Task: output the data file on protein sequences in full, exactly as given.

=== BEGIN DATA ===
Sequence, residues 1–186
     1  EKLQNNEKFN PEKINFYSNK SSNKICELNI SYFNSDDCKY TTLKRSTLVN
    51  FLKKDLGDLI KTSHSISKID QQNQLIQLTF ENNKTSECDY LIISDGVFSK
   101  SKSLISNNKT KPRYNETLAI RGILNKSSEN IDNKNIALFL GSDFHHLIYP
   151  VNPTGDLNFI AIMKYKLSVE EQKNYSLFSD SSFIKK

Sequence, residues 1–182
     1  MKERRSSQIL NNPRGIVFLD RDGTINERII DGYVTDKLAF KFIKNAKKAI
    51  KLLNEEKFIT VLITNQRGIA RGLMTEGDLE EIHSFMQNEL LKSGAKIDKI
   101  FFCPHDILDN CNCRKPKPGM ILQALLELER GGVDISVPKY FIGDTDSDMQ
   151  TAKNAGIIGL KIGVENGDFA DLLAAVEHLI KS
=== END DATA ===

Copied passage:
Sequence, residues 1–186
     1  EKLQNNEKFN PEKINFYSNK SSNKICELNI SYFNSDDCKY TTLKRSTLVN
    51  FLKKDLGDLI KTSHSISKID QQNQLIQLTF ENNKTSECDY LIISDGVFSK
   101  SKSLISNNKT KPRYNETLAI RGILNKSSEN IDNKNIALFL GSDFHHLIYP
   151  VNPTGDLNFI AIMKYKLSVE EQKNYSLFSD SSFIKK

Sequence, residues 1–182
     1  MKERRSSQIL NNPRGIVFLD RDGTINERII DGYVTDKLAF KFIKNAKKAI
    51  KLLNEEKFIT VLITNQRGIA RGLMTEGDLE EIHSFMQNEL LKSGAKIDKI
   101  FFCPHDILDN CNCRKPKPGM ILQALLELER GGVDISVPKY FIGDTDSDMQ
   151  TAKNAGIIGL KIGVENGDFA DLLAAVEHLI KS